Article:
SPRING conference season kicked off last weekend with Plaid Cymru hosting a two-day event at Newport’s Riverfront theatre.

With May’s council elections less than two months away the mood among party members and supporters was buoyant and seeing Newport host what is a fairly significant event in the Welsh political calendar is certainly something to be welcomed.

Of course we got all the usual rhetoric about how Labour and the Conservatives were failing the people of Wales and Plaid was the only party which would stand up for their interests, not to mention the endless retorts on Twitter.

But the conference was overshadowed somewhat by the ongoing row around claims of bullying lodged against South Wales Central AM and Cardiff City Council member Neil McEvoy.

Mr McEvoy is hardly a man known for mincing his words and on Friday, which coincided with the first day of the conference, he was suspended from the authority for a month after an independent tribunal found a comment he made to a council officer constituted as “bullying behaviour”.

And this is all anyone has wanted to talk about despite valiant attempts by party figures to change the subject, not helped by an appearance at the conference by the embattled AM himself on Saturday, in which he said he still plans on running in May’s election.

Leader Leanne Wood kept a brave face but by the end of the two-day event had clearly become more than a little sick of the endless questions about whether Mr McEvoy would be suspended from the party and whether not doing so was a tacit approval of his actions.

And it was all anyone wanted to talk about in the party’s weekly pre-First Minister’s Questions press conference this morning, despite a fairly limp attempt to get us to talk about today’s spring budget.

Although the Argus hasn’t covered the story in anywhere near as much depth as our colleagues elsewhere in the Welsh media as Mr McEvoy’s sphere of influence falls largely in Cardiff, outside our circulation area, the potential implications of the row for the party are significant.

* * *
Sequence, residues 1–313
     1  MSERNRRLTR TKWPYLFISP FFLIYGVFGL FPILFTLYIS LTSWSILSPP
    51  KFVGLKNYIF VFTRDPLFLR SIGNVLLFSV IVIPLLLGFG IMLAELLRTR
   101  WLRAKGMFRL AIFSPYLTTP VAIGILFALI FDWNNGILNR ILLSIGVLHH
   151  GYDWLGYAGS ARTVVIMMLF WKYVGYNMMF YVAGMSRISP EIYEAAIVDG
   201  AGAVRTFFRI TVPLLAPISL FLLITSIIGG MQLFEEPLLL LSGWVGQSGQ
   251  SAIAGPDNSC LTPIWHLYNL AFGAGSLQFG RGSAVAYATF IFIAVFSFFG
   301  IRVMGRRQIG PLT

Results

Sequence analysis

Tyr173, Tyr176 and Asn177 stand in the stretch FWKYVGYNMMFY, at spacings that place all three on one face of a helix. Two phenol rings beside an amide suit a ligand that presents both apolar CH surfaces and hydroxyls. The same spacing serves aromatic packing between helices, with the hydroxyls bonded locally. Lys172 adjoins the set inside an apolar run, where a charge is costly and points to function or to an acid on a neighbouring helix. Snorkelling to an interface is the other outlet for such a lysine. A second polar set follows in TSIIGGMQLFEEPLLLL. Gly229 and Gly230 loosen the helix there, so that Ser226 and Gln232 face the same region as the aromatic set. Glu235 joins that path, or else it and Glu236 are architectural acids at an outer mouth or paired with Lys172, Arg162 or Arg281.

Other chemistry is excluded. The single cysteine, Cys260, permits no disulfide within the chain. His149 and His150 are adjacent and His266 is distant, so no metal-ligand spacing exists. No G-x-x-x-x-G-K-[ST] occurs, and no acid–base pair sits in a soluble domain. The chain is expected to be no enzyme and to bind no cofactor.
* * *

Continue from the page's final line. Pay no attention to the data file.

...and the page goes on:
Today, he was also suspended from the party’s Assembly group and an internal inquiry into his behaviour is currently ongoing.

In theory at least this could lead to him being kicked out of the party.

Although smarter people than me have said this is unlikely, if Plaid ultimately feels it has little choice but to give him his marching orders, the row could do more than just damage the party’s reputation.

Although the party enjoyed a brief period as the second-largest group in the Senedd following last May’s Assembly election, in which it won 12 seats, one more than the Welsh Conservatives, in October they were knocked down to 11 after former leader Dafydd Elis Thomas left in October to sit as an Independent, bringing them level with the Tories.

So losing another member would demote Plaid further to the Assembly’s third-largest party, with the Tories moving back into the position they occupied in the previous Assembly term as the official opposition.

This would not be insignificant for the party which just last May seemed on top of the world, with Ms Wood having turfed Labour veteran Leighton Andrews out of his Rhondda seat and the party arguably wielding the most power it has had since the 2007-2011 coalition.

Of course Mr McEvoy could take his own initiative and change his allegiance - he would be the third AM to do so in this Assembly term alone following Lord Elis-Thomas and former Ukip Wales leader Nathan Gill.

Strangely enough, when yours truly went onto the handy online database of images Plaid makes available for use by the press to find a picture of Mr McEvoy to use for this column, a photo of him speaking at last week’s conference was nowhere to be found, despite Ms Wood apparently having had her picture taken with half of Newport.

All things considered maybe giving him a wide berth isn’t the worst idea.

Next up in the spring conference cycle is the Welsh Liberal Democrats, who are holding their event in the somewhat less salubrious surroundings of a Swansea secondary school this weekend.

As always, I’ll be reporting live on Twitter at @ArgusICraig, and we’ll have full coverage on the Argus website and in the following Monday’s paper.